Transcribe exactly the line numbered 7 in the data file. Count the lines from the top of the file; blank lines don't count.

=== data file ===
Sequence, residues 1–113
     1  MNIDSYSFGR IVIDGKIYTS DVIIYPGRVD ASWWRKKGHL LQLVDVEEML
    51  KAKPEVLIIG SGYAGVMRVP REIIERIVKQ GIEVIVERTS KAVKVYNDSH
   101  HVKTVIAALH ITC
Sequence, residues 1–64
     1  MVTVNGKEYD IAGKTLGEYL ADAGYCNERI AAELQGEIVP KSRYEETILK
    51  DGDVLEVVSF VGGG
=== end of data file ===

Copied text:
    51  DGDVLEVVSF VGGG